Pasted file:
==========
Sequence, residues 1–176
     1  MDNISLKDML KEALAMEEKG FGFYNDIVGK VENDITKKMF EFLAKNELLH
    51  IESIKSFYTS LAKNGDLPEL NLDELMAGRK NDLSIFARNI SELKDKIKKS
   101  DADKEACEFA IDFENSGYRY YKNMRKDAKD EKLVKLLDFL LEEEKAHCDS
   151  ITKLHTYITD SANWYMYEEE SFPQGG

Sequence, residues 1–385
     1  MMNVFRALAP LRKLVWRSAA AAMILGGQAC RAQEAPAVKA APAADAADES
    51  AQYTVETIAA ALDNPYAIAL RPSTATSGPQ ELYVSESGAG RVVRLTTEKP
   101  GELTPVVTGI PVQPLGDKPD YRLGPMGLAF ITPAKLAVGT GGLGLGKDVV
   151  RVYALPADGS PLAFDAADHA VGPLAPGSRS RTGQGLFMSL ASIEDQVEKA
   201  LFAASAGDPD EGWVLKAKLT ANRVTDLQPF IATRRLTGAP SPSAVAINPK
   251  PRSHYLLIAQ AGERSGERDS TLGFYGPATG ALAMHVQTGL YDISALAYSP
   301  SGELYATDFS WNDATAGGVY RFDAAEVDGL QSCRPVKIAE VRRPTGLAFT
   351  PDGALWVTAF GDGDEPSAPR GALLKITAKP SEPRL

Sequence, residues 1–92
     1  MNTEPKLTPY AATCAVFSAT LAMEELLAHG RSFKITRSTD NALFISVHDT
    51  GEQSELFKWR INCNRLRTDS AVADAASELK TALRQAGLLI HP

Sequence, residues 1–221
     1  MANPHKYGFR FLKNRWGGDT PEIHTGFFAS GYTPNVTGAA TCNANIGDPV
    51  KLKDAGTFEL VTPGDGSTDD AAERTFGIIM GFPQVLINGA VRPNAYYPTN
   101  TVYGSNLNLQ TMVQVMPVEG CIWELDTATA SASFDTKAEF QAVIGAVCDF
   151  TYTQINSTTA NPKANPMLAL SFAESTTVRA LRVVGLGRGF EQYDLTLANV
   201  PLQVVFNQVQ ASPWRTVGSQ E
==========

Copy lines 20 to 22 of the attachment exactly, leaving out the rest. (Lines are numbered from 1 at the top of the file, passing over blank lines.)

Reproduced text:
    51  KLKDAGTFEL VTPGDGSTDD AAERTFGIIM GFPQVLINGA VRPNAYYPTN
   101  TVYGSNLNLQ TMVQVMPVEG CIWELDTATA SASFDTKAEF QAVIGAVCDF
   151  TYTQINSTTA NPKANPMLAL SFAESTTVRA LRVVGLGRGF EQYDLTLANV